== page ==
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August 2011 | Adam Leach
CBI has mounted a
vigorous defence of the private finance initiative (PFI) as a way to procure
new infrastructure in the UK.
report, Building Strong Foundations,
published by the business group this week said the method had enabled projects
to be completed that were not previously possible.
UK’s Victorian hospitals and dilapidated school buildings needed investment and
the public-private partnership (PPP) approach has directed funding to build and
maintain infrastructure in a way that conventional procurement often failed to
do,” it said.
support follows recent criticism, that - in the Treasury’s own words -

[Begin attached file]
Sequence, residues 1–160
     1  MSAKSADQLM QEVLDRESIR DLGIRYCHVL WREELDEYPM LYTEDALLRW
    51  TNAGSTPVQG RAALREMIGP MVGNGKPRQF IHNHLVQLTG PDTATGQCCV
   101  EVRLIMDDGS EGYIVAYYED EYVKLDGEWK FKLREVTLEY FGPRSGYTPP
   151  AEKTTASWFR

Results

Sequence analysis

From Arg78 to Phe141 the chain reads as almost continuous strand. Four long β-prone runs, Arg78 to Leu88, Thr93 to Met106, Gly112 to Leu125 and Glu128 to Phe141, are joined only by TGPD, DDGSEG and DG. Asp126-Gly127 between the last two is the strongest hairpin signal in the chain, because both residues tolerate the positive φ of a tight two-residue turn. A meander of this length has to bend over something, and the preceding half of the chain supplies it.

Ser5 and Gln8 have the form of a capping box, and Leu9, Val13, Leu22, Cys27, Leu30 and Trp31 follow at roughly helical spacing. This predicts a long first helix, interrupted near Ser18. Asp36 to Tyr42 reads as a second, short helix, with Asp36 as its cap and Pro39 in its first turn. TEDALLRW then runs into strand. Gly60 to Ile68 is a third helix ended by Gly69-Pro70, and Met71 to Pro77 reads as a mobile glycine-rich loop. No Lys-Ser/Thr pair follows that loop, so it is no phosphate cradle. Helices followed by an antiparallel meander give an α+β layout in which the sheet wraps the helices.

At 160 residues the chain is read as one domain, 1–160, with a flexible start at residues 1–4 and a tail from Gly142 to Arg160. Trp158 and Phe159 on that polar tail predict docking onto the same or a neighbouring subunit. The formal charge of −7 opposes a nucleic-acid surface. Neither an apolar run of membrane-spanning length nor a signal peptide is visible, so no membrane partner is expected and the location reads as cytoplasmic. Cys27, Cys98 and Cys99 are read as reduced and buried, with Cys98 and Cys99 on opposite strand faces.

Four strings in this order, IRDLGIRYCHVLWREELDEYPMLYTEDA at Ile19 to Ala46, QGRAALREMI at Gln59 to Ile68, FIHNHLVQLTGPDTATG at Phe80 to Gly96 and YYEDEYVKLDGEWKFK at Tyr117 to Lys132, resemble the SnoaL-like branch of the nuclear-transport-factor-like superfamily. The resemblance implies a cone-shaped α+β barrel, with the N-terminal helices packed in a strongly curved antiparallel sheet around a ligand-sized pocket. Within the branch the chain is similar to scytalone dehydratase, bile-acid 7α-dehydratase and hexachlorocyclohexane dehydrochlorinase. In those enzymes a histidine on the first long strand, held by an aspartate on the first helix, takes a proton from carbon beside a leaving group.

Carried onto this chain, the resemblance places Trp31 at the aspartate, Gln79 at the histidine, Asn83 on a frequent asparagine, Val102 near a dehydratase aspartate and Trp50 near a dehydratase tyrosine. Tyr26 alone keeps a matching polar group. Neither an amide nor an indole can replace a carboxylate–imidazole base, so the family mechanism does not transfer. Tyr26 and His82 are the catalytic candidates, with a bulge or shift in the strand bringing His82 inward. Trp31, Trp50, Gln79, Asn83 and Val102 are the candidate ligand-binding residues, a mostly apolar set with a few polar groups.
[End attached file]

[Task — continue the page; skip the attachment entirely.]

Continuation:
investment has been “timid, uncoordinated, wasteful in its procurement and
insufficiently targeted”. The UK government announced a plan to save £1.5 billion from existing PFI projects in July.
CBI said Britain’s growing and ageing population increases the need to improve
the quality of the country’s infrastructure.
in order to maximise value for money, both the private and public sector must
learn from past mistakes. The public sector needs to ensure tenders don't put
off companies from bidding and stifle competitiveness, and the private sector
must become more agile, meeting the changing requirements of service users.
Bentley, deputy director-general at the CBI, said: “The government must provide
leadership and champion the use of PPPs to fund and deliver projects, otherwise
the opportunity to use private finance will be lost. Companies and investors
will increasingly look overseas for business and the UK will not get the new
infrastructure it needs.”
teams also need to be incentivised to carry out projects quickly and keep to